Continue working around the outer ring and then move to the inner ring, same size ruffle and one in each twist. The image below sows the wreath after one ruffle has been placed in each twist around the outer ring.
Next, just move to the inner ring and continue placing the same size ruffle in each twist.
The image below shows the wreath with the ruffles completed.
It will help if you go ahead and put a chenille strip on the back as a hanger. This will help you keep up with your center point when finding the position for your sign.
Ribbon: Ribbon can be added in several different ways. You can make strips, loops, small bows. Just choose which method you like the best. Ribbon strips is also one of the easiest methods to do. We chose four ribbons for this project. Some were 2.5″ in width and some 1.5″. All the ribbons were on 10 yard rolls.
It’s always good to do a test ribbon before you starting cutting up your ribbon. We settled on 12″ strips for this project. Ribbon is just a matter of preference.
You might rather have no ribbon and use a bow or a couple of bows. Again, strips are just an easy way, especially for beginners.
There are 18 twists, typically, on our 24″ wreaths. So we cut 18 pieces of each ribbon. We angled the ends of the ribbons. Sometimes on the 2.5″ ribbons we cut the ends with a dovetail or chevron cut and we’ll show you how to do that in the video, but for our project this time, we just angled all the ribbons. Ribbon tips will curl up and the stiffer or thicker ribbon you have will help.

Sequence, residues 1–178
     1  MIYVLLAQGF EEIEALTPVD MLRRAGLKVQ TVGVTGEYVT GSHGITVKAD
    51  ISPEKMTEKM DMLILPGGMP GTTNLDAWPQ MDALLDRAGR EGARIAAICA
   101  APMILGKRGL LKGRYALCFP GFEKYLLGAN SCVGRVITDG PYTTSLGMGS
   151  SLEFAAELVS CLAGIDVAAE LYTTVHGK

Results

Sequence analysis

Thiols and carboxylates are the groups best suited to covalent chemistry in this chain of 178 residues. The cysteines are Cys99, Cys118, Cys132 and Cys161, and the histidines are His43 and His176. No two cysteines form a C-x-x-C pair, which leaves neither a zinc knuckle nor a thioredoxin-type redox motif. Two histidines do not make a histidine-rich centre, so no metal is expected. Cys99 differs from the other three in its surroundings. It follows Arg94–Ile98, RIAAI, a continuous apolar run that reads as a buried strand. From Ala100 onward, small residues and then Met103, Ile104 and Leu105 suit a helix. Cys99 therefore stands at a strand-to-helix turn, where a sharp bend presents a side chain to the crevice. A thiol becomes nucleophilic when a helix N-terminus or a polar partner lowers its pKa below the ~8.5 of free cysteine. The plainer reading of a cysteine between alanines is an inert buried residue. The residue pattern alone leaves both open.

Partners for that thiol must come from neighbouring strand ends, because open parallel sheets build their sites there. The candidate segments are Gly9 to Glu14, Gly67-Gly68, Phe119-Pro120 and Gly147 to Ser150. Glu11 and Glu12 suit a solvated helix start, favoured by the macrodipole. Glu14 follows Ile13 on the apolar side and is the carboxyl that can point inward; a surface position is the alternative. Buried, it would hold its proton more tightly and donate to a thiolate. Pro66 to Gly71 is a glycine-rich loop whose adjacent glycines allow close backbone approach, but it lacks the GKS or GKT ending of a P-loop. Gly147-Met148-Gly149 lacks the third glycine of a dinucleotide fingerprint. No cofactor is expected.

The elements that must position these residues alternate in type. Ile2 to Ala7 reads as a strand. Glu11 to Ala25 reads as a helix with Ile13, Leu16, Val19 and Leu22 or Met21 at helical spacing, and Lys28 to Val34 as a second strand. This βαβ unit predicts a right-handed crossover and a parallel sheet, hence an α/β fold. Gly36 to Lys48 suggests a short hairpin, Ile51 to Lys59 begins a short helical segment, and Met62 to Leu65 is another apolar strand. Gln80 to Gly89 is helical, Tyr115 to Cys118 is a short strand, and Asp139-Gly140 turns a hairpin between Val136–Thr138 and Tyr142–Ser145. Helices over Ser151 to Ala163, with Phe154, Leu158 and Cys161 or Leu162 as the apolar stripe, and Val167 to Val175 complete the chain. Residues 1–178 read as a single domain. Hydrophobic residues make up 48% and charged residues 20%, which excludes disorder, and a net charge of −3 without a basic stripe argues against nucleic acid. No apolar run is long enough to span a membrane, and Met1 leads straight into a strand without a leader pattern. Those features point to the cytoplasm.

We took one of the each four ribbons and just alternated when picking them up. No particular pattern, but did try to alternate them a bit. Pinch the ribbon in the center and pick up another strip. Sort of spread them out in your hand so they are not stacked right on top of each other.
Open up a twist on the wreath, making sure the ruffle stays in place, lay the ribbon cluster down and re-secure the tie now with three to four turns. Place a ribbon cluster in each twist around the wreath.
Again, this is a matter of preference. You might be applying a sign and might want to leave ribbon off that would be under the sign and not seen anyway, so just experiment.
Sign: The turkey sign is about 14" x 15" and comes with a wire hanger. The sign is made of MDF and has really nice colors and something different for fall. The colors are sort of a muted silver, copper and chocolate.
We used the wire hanger to attach the sign placing it on top of the ruffles in the center of the wreath. We attached to the wreath form using floral wire. You don't want to push the sign so far down in the wreath that the ruffles and ribbon cover it up, so don't attach it too tightly. Course you don't want it bobbling around either! There are additional places toward the bottom of the sign were you can secure with extra flora wire as needed.
You may want to hang the wreath on the wall, door or something so you can get in front of it to figure out your placement. I had to adjust mine a couple of times because it would hang down lower than I wanted. Once it's secured, gently fluff out your ribbons that may have gotten trapped down. If any ruffles are in the way, just push them to the back a little so your sign shows up well.
It can sort of sit on the ruffles and just lift out ribbons here and there and you may have to push some ruffles out of the way and to the back of the wreath so you can see the wording on the sign well.
When you’re all done, be sure to clip all your strings and check the back of your wreath for anything sharp that might scratch your wall or door. The overall diameter of the wreath was about 28″ or so.